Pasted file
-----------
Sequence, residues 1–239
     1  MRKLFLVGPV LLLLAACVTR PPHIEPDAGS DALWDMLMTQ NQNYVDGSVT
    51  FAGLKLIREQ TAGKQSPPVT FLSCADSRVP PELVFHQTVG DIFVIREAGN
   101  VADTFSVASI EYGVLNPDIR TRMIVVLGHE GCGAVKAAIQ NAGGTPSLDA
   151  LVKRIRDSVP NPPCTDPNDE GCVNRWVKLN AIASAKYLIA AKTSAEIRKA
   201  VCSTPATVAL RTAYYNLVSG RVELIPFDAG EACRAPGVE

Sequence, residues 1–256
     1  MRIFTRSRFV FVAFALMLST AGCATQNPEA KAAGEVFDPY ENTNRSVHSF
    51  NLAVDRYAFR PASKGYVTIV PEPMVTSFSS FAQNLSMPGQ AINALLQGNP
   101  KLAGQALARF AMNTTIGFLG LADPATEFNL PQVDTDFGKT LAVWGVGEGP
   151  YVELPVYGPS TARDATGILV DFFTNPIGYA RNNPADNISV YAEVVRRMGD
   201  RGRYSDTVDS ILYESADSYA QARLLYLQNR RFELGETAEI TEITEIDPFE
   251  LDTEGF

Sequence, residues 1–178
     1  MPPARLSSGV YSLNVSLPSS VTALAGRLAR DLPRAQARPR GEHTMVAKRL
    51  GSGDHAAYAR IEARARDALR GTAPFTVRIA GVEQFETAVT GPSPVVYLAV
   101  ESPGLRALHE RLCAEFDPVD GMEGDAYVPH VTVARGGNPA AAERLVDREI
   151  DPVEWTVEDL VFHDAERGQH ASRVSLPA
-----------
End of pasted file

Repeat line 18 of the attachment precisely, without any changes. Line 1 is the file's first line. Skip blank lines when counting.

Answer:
   151  DPVEWTVEDL VFHDAERGQH ASRVSLPA